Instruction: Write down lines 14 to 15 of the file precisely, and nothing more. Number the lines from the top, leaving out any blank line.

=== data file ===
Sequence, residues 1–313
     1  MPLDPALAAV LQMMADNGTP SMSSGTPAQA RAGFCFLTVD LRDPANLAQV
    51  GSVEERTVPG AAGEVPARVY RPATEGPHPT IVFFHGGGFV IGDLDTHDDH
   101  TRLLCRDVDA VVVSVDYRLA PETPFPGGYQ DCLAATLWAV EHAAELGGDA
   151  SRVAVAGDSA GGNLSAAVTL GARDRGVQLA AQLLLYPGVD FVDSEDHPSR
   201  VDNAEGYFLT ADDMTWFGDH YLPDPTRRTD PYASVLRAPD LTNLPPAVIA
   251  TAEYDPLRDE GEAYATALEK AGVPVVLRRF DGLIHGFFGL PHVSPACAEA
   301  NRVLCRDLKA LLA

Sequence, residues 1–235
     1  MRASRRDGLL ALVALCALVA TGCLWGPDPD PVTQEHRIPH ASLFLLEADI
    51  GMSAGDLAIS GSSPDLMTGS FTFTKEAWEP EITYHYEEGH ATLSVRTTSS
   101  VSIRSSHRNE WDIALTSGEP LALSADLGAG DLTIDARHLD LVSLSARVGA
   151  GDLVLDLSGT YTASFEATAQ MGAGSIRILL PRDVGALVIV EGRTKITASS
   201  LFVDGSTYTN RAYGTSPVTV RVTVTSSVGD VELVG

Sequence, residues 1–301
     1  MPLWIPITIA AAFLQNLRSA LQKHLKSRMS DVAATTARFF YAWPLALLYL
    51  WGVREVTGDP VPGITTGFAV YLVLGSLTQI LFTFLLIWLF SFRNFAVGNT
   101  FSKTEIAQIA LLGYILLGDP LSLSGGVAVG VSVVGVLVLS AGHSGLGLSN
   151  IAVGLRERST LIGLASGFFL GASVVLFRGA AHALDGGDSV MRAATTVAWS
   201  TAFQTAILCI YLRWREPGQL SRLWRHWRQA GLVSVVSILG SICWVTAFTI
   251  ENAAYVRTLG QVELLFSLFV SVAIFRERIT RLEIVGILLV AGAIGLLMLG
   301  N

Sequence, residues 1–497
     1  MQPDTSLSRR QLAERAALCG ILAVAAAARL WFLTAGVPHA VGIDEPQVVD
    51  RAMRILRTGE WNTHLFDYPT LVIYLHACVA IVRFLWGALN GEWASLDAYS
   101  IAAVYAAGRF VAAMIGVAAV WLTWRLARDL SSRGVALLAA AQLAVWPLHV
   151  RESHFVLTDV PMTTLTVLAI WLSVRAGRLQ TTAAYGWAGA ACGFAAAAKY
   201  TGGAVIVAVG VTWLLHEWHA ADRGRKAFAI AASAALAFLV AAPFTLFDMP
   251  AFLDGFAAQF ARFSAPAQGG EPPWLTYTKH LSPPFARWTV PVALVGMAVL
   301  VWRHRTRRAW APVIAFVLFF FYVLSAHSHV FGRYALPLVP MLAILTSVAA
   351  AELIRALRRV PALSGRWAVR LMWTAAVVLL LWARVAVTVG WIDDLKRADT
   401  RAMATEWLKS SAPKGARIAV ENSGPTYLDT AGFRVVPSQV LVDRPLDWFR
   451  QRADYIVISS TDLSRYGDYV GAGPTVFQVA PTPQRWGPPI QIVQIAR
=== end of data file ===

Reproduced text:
   201  LFVDGSTYTN RAYGTSPVTV RVTVTSSVGD VELVG

Sequence, residues 1–301